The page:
The promise of an interconnected digital world, to keep in contact with old friends and distant relatives, is looking to be a bit of a pipedream in light of crippling data suggesting loneliness is still on the rise. It’s so bad, in fact, that Great Britain recently appointed a minister of loneliness.
More than 9 million people in Great Britain often or always feel lonely, according to a 2017 report published by the Jo Cox Commission on Loneliness. “For far too many people, loneliness is the sad reality of modern life,” said Prime Minister Theresa May, the person responsible for appointing the minister. And this reality started getting grim over 20 years ago.
Rates of loneliness have doubled since the 1980s, and today over 40% of adults in America report feeling lonely. Research indicates, however, that this number may be even higher in the workplace, with many employees and half of CEOs reporting loneliness in their roles.
Former United States surgeon general, Dr. Vivek Murthy, suggests that “loneliness and weak social connections are associated with a reduction in lifespan similar to that caused by smoking 15 cigarettes a day and even greater than that associated with obesity.” In the workplace, he says, “loneliness reduces task performance, limits creativity, and impairs other aspects of executive function such as reasoning and decision making.”
Lonelier workers quit more often, are less satisfied with their job, and perform well below their capabilities. The fields you’re likely to find lonely people are legal, engineering, and science. Government workers also tend to be a lonely bunch, reporting lower levels of social support on the job than for-profit and nonprofit organizations.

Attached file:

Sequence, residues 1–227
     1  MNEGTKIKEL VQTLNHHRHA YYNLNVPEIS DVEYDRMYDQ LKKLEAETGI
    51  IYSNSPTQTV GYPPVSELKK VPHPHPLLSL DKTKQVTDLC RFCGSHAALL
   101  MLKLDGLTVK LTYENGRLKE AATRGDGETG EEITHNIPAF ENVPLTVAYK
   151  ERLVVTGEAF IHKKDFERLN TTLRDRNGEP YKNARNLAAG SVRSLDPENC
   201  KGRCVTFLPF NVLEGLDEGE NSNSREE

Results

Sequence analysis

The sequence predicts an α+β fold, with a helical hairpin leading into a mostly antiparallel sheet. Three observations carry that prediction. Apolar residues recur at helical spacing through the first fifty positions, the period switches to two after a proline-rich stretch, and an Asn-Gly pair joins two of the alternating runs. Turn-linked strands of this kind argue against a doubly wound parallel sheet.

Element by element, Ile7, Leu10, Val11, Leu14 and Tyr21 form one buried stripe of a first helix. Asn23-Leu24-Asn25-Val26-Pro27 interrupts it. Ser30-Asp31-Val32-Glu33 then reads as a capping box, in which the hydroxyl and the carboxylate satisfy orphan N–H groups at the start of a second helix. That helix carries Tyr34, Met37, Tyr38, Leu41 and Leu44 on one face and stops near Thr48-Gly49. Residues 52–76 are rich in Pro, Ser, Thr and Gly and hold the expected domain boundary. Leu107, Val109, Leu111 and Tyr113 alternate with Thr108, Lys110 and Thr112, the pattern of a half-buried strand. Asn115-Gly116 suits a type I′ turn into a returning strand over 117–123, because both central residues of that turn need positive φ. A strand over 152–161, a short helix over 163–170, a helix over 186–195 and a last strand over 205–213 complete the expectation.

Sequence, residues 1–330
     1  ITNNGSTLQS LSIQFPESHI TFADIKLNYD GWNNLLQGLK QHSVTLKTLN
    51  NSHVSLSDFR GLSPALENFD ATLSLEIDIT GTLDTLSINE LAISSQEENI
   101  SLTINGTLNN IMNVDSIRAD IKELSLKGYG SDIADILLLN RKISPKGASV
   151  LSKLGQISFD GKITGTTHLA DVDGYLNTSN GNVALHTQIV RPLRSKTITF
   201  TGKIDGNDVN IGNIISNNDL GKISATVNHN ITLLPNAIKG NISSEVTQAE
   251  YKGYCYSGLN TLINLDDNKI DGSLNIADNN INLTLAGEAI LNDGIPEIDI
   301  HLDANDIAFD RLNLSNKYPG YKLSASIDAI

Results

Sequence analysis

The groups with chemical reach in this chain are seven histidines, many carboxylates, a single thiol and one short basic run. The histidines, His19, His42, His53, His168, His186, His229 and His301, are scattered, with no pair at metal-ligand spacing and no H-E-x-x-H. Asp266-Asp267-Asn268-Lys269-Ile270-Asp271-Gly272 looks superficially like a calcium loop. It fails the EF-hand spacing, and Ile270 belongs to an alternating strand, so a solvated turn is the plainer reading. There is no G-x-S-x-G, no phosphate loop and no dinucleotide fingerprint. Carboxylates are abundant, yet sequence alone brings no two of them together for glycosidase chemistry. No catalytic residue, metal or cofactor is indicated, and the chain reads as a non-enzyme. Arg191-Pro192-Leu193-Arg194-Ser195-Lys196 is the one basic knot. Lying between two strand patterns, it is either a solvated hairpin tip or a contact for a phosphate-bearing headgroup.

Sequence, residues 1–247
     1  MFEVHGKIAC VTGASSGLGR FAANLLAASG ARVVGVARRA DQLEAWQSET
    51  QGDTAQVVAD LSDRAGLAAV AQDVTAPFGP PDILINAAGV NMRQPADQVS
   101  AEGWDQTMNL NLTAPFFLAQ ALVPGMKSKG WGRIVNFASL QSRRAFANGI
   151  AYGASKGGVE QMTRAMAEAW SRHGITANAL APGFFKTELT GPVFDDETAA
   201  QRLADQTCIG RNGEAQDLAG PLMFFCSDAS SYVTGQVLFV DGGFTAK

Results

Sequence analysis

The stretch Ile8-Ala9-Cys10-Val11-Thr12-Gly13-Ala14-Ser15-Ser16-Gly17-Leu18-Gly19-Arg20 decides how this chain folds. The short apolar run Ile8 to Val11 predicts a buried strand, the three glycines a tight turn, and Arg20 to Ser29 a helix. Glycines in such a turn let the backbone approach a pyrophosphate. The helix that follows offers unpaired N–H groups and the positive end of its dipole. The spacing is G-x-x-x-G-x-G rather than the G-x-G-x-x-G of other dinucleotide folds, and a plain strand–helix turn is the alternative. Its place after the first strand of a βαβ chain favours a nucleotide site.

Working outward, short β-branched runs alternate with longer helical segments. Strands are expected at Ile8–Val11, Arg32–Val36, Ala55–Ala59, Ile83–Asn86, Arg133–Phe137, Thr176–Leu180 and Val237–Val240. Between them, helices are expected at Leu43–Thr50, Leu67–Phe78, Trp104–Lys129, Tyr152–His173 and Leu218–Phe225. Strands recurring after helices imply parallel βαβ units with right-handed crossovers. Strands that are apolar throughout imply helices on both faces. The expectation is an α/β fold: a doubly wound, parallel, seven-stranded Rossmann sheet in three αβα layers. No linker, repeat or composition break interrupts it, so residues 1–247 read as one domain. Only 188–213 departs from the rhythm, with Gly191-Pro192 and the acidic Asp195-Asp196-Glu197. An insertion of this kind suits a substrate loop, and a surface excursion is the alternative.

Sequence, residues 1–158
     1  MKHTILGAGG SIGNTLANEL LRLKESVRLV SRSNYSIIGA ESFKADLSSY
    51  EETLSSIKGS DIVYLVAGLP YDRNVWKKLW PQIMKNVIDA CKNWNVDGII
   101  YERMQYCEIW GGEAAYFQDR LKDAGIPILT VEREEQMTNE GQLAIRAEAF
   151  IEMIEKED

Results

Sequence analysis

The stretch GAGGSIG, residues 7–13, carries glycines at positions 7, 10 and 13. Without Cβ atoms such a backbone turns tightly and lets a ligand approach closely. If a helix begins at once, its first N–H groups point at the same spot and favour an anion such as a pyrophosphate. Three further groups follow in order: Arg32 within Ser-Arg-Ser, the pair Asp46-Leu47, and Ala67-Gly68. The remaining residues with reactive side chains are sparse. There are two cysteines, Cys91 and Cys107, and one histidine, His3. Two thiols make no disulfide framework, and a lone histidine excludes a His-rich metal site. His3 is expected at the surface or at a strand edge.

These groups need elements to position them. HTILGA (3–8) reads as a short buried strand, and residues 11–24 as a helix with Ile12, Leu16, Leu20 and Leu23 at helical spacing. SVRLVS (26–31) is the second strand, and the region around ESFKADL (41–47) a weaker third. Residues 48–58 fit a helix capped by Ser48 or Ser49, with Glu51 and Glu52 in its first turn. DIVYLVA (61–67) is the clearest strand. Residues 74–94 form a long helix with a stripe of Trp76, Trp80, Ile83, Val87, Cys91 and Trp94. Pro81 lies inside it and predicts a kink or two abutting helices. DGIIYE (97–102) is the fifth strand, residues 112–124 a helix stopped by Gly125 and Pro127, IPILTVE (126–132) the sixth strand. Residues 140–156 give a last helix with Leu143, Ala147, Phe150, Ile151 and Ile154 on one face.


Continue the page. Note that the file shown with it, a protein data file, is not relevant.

Business leaders should take note of loneliness in their workplace and make changes to combat it. “Management should not treat work loneliness as a private problem that needs to be individually resolved by employees who experience this emotion; but rather should consider it as an organizational problem that needs to be addressed both for the employees’ sake and that of the organization,” say California State University researchers.
A recent Harvard Business Review study suggests that “the single most impactful leadership behavior you can undertake to counteract loneliness is to create opportunities for building shared meaning with colleagues.” Taking time to understand employees goals, dreams, and aspirations will help create a supportive company culture that reduces workplace loneliness.